Can't tell your bits from your bytes? Read on to learn the difference and figure out what broadband speed you need.
Connection speeds and data sizes are measured differently, but people tend refer to them both as 'megs'. The problem is that the word 'meg' actually refers to two very different values: megabits and megabytes. Aren't they the same thing?
Actually no, there's a big difference between a bit and a byte. A byte is much bigger — eight times bigger, to be exact, with eight bits in every byte. By extension, there are eight megabits in every megabyte, and one gigabyte is eight times bigger than one gigabit.
Bits, bytes and broadband speeds
You may be wondering how this relates to you and your broadband speed.
Data sizes are usually measured in 'bytes', and broadband speeds are measured in 'bits'. Based on the file size and your connection speed, you can estimate how long it'll take you to download something.
Let's say you find a file online that is 17 megabytes (MB) in size, and you want to download it using your 17 megabit per second (Mbps) broadband connection. This won't take one second; it will take eight times one second because a megabyte is eight times bigger than a megabit. So in theory — and with a perfect speed — it should take eight seconds to download.
Before you start reaching for your calculator, read our guide to download times. We've pulled together a list of the most common broadband speeds and file sizes to give you an idea of how long it will take to download films, TV series, songs and more.
How can I tell the difference between a bit and a byte?
From how it's written. A byte is an uppercase 'B' and a bit is a lowercase 'b'. If it says MB, all capitals, then it is a megabyte. If it says Mb, then it is a megabit. There is one exception to this, of course, and it is the symbol for kilobit, which is 'kb', all lowercase.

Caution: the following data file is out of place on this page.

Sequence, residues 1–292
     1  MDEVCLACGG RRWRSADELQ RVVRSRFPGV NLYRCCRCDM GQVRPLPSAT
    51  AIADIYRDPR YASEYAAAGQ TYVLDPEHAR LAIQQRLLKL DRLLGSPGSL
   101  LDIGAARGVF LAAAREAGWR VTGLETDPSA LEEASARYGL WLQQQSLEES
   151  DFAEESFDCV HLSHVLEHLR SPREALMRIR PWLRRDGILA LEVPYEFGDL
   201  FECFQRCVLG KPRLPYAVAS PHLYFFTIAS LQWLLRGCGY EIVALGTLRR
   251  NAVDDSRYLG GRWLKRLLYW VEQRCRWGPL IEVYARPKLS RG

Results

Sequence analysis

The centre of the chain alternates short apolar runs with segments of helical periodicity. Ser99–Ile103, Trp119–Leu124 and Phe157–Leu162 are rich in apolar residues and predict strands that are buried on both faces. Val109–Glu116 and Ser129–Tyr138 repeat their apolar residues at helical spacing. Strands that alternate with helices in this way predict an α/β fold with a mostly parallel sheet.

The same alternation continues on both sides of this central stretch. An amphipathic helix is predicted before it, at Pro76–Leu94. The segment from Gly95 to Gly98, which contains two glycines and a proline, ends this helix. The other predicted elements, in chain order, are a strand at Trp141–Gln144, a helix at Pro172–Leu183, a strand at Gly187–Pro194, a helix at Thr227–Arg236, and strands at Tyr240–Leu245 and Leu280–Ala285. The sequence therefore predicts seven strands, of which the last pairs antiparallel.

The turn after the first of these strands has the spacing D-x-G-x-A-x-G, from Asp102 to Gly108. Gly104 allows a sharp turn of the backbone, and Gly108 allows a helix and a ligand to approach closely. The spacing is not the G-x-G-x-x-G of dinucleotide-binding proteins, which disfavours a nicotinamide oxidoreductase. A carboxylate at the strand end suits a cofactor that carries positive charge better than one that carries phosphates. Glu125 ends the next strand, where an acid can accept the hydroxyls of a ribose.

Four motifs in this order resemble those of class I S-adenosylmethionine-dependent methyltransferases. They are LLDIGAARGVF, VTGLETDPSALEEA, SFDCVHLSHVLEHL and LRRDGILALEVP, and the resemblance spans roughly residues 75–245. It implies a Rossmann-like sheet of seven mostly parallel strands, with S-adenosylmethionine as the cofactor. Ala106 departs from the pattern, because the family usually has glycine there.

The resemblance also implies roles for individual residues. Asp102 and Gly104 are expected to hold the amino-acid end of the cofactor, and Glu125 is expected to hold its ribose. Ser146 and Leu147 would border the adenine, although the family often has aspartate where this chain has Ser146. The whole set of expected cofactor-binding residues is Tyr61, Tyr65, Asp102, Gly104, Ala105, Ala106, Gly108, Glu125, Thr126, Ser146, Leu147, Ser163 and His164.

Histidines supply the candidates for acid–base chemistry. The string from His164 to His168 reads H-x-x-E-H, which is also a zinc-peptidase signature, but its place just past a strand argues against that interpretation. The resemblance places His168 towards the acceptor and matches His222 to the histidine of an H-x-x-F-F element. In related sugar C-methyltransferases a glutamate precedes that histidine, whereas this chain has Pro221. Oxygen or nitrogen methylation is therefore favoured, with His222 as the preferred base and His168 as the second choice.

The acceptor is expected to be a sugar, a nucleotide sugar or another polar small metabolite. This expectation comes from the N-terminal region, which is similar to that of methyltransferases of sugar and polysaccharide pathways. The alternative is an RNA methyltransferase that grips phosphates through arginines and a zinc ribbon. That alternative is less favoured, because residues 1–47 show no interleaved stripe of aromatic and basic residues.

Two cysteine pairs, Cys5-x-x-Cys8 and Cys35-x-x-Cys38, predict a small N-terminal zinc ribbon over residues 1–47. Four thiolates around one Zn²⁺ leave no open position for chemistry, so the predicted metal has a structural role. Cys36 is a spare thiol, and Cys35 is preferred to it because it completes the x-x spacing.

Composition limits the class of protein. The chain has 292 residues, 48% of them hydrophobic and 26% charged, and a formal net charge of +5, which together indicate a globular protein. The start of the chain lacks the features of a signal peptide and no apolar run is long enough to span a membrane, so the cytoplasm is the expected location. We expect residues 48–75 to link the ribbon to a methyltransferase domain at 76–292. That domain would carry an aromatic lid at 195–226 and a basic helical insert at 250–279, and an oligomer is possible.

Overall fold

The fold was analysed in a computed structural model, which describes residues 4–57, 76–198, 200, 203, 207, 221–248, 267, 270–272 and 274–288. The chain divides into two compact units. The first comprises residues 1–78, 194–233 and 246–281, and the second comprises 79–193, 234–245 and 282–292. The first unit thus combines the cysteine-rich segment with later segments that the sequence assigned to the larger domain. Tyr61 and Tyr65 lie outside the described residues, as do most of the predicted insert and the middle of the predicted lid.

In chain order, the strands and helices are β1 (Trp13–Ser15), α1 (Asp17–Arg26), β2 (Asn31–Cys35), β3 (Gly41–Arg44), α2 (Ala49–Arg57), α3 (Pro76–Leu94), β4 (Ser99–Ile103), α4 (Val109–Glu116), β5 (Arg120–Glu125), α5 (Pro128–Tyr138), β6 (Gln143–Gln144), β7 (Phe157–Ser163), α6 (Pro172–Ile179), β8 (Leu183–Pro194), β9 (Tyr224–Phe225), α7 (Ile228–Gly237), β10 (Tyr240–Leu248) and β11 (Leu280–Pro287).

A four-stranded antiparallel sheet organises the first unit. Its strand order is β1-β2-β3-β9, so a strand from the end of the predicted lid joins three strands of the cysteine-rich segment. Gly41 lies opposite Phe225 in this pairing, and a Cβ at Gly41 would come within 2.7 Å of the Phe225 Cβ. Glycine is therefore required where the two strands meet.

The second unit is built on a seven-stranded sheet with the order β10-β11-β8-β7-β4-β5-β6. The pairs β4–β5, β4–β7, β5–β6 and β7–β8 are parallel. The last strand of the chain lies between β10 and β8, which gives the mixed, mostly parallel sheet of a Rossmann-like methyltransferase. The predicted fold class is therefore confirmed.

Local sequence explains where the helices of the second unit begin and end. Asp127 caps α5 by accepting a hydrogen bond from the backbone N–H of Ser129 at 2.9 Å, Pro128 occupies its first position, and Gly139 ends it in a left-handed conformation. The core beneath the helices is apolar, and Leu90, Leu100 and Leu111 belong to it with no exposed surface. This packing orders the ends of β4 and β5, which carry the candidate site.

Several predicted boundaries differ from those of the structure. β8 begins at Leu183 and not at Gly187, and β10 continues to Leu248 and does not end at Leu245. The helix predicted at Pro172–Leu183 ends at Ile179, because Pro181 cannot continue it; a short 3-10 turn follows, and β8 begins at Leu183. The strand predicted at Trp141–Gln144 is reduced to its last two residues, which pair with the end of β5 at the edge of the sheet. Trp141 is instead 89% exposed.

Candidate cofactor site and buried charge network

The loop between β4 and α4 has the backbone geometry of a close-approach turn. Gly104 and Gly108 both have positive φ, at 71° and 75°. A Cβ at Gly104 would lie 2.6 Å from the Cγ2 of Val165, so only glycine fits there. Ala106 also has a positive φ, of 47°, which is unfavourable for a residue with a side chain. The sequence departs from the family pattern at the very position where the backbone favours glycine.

It's easy to figure out based on common sense: an uppercase 'B' is physically larger than a lowercase 'b', and a byte is larger than a bit.
Other file sizes to know about
While there's a range of different file sizes, most of us only need to know a little bit (no pun intended) of prefixes. Here are the most common ones.
KB, MB, GB - A kilobyte (KB) is 1,024 bytes. A megabyte (MB) is 1,024 kilobytes. A gigabyte (GB) is 1,024 megabytes. A terabyte (TB) is 1,024 gigabytes.
kb, Mb, Gb - A kilobit (kb) is 1,024 bits. A megabit (Mb) is 1,024 kilobits. A gigabit (Gb) is 1,024 megabits. A terabit (Tb) is 1,024 gigabits.
Don't forget! There are eight bits in a byte, so to translate from one to the other, you can multiply or divide by eight. For example, if you want to transfer 38MB across a 38 Mbps connection, it will take eight seconds.